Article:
I wrote last week about how tossing items that haven’t been worn in a year is impractical. Often times I don’t wear my bathing suit until that next big vacation comes. I don’t throw it out. Or the special occasion dresses that cost an arm and a leg. I like to think I can go into my closet and find something that will work for any occasion.

    I do find that I probably should buy more utility pieces as 90% of the pieces in my closet spark joy but they are often statement pieces.

    bisous
    Suzanne

    • Ginger

      I feel like the mark of a managed wardrobe is that you can be ready to participate in life without needing a trip to the mall. If a swimming or formal occasion is something that you encounter in life, even if it’s just now and then, it makes sense to be prepared.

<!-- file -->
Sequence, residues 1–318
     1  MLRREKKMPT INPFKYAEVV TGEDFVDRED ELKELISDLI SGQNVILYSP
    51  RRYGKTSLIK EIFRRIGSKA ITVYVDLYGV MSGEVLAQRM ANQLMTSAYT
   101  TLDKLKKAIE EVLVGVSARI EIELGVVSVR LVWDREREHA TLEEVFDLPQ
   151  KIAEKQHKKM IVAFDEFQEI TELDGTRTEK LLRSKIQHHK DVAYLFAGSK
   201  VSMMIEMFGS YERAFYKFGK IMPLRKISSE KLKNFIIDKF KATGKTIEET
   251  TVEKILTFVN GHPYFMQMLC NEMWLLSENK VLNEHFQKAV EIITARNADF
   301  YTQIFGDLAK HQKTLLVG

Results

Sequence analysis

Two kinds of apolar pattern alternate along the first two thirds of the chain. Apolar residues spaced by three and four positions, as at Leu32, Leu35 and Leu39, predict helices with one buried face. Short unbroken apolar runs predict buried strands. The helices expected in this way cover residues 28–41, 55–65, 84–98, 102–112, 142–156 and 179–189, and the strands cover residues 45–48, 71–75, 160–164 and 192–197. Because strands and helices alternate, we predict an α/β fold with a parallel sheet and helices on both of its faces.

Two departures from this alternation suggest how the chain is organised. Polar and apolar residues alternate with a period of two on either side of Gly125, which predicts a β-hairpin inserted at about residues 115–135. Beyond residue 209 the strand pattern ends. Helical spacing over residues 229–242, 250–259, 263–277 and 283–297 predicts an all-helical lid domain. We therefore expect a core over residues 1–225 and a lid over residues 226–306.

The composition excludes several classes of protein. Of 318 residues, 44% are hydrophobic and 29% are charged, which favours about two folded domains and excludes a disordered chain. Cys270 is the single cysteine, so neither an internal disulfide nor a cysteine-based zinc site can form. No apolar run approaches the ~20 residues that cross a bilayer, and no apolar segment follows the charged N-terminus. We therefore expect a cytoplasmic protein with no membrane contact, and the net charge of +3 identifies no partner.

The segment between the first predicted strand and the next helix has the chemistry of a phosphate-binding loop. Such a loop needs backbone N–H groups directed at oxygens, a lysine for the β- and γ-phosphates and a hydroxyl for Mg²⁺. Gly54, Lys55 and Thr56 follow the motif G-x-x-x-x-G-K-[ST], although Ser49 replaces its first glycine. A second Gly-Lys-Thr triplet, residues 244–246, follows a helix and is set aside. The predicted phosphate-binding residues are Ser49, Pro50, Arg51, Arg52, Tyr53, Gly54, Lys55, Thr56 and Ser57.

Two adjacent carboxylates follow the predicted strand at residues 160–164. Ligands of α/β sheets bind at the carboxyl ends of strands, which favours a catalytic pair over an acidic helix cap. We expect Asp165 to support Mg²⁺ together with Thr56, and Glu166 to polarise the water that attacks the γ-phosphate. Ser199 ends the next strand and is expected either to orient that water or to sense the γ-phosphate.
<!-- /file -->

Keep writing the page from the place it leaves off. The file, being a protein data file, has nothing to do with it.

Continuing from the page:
6. Monica H

    I would slightly tweak your “is it useful?” to “do I use it?” It is perhaps a fine distinction, but one that is important to me. There are many things that could be considered “useful” that don’t work for me, and thinking like this has had me hold on to too many things. This is one of the wardrobe traps I fell into at times before coming across your blog. Black flats are useful! So says every magazine everywhere! They go with everything! Black is my color! And yet, I don’t actually ever wear them because they just don’t work for me. They may be “useful,” but *I* don’t use them. This lets me get rid of a lot of things I ‘should’ want/like/use, but actually don’t.